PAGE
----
In 1960, the U.S. Supreme Court, in Dusky v. United States, established the minimal standard for competency to stand trial: Whether the defendant has sufficient present ability to consult with his attorney with a reasonable degree of understanding and a rational as well as factual understanding of the proceedings against him.
Criminal defendants that are incompetent to stand trial lack one or more of these abilities rendering them unable to effectively exercise their constitutional rights and, consequently, reduce the likelihood of a fair trial.
Sources estimate that the question of a criminal defendant’s competency to stand trial is raised in about 10% to 15% of felony cases and that approximately 60,000 defendants are referred annually for competency evaluations (Hope, 2016). Another source estimates that between 4% and 10% of criminal defendants in the United States have intellectual disabilities (Petersilia, 2000).
Because criminal defendants with intellectual disabilities possess varying levels of cognitive skill and communicative ability, some defendants may exhibit less obvious competency-related deficits and these may go unnoticed or be misinterpreted as malingering (Watson and Kivisto, 2017).
A sub-group of criminal defendants with intellectual disabilities may also experience concurrent symptoms of mental illness, while a third group may have a history of mental illness combined with normal intellectual functioning.
When the question of competency is raised for a specific criminal defendant it is critical to distinguish whether that individual has an intellectual disability only or comorbid symptoms of mental illness, or whether the defendant has symptoms of current mental illness only.
These are important distinctions because criminal defendants whose incompetency is due to current symptoms of mental illness only may be effectively treated with medication and restored to competency. Conversely, criminal defendants with an intellectual disability are more likely to suffer from life-long cognitive deficits in reasoning, problem-solving, planning, et cetera that cannot be improved with medication and may be nominally responsive to educational interventions.
Psychological tests may be utilized during competency evaluations, although different measures are designed to answer different questions.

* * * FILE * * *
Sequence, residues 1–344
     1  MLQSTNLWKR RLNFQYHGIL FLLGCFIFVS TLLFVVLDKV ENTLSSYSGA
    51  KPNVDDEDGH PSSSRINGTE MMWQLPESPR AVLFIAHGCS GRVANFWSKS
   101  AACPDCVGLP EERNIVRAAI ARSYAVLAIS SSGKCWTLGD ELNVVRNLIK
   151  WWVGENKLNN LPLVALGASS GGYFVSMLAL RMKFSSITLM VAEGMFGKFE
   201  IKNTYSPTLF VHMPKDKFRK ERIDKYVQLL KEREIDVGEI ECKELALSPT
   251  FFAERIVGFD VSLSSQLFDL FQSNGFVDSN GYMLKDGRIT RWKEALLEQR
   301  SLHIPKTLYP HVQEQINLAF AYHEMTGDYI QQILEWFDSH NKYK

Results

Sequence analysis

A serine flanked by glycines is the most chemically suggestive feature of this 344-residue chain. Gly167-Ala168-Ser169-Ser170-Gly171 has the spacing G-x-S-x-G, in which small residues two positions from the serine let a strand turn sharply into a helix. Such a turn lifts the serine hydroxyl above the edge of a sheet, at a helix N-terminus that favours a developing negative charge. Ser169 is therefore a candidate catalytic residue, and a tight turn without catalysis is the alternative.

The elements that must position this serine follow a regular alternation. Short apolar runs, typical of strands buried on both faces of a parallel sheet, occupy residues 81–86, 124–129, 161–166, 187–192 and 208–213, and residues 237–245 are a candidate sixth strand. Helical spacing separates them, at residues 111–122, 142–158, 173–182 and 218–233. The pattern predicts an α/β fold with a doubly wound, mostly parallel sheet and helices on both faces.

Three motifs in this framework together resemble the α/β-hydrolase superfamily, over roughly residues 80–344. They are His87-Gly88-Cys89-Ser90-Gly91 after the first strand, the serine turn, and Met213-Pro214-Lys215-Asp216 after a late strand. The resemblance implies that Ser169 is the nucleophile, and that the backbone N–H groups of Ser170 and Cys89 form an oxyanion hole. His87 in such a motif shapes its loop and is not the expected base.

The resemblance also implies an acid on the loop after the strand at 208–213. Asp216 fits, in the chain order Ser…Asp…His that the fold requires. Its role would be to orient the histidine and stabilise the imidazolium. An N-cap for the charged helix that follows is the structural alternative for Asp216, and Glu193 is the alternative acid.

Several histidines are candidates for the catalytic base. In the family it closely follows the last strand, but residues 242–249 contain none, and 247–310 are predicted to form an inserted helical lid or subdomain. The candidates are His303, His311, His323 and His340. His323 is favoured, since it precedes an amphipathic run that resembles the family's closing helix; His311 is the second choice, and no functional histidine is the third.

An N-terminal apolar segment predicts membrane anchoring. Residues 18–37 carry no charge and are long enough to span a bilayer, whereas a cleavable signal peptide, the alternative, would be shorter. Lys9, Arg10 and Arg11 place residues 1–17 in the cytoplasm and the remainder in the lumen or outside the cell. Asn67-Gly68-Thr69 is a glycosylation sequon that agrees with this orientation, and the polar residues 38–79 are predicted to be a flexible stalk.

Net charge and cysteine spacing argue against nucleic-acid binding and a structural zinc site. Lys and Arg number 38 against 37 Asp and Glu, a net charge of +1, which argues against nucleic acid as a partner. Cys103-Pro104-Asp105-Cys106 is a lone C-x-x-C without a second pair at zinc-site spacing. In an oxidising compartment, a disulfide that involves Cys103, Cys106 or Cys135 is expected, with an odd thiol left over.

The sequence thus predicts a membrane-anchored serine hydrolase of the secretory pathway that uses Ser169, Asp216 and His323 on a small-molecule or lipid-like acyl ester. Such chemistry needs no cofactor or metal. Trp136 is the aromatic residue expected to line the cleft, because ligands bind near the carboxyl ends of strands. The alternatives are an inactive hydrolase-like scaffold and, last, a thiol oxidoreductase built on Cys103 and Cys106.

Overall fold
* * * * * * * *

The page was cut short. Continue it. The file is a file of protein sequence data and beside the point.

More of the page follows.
For example, when there is a question about a criminal defendant’s cognitive functioning, an intelligence test may be used to assess these skills. There are also measures designed to assess current psychological functioning as well as measures to identify exaggeration of symptoms of mental illness or memory impairment. More recently, tests have been developed to evaluate malingered deficits unique to competency to stand trial.
Some of these tests are suitable for examinee’s that have intellectual deficits, while others are not. Tests that are appropriately used may provide information that assists in formulating a reliable opinion that facilitates the fair administration of justice.
Tests that are not designed for use with criminal defendants that have intellectual disabilities may provide spurious results that are misinterpreted and lead to faulty recommendations. For example, some tests that are designed to measure malingering have not been standardized on individuals with intellectual deficits. These examinees lack the reading skill needed to comprehend the test items but may not report this to avoid embarrassment. Consequently, these criminal defendants are likely to produce unreliable profiles that erroneously suggest symptom exaggeration and wrongly conclude with the recommendation that the individual is competent to proceed to trial.
For more information about this topic or to schedule a consultation appointment, please call Swerdlow-Freed Psychology at 248.539.7777. Our offices are conveniently located at 30600 Northwestern Highway, Suite 210, Farmington Hills, Michigan 48334, and 55 North Pond Drive, Suite 6, Walled Lake, Michigan 48390.
Dusky v. United States, 362 U.S. 402 (1960)
Hope, S.K. (2016). Competence to stand trial: An overview. Indian Journal of Psychiatry, 58(Suppl 2): S187-S190.
Petersilia, J. (2000). Doing justice? Criminal offenders with developmental disabilities. Detailed Research Findings, California Policy Research Center, Berkeley, CA.
Watson, M.E. & Kivisto, A.J. (2017). The inventory of legal knowledge (ILK) and adults with intellectual disabilities. Journal of Intellectual Disabilities and Offending Behavior, Vol. 8, No. 2, 83-89.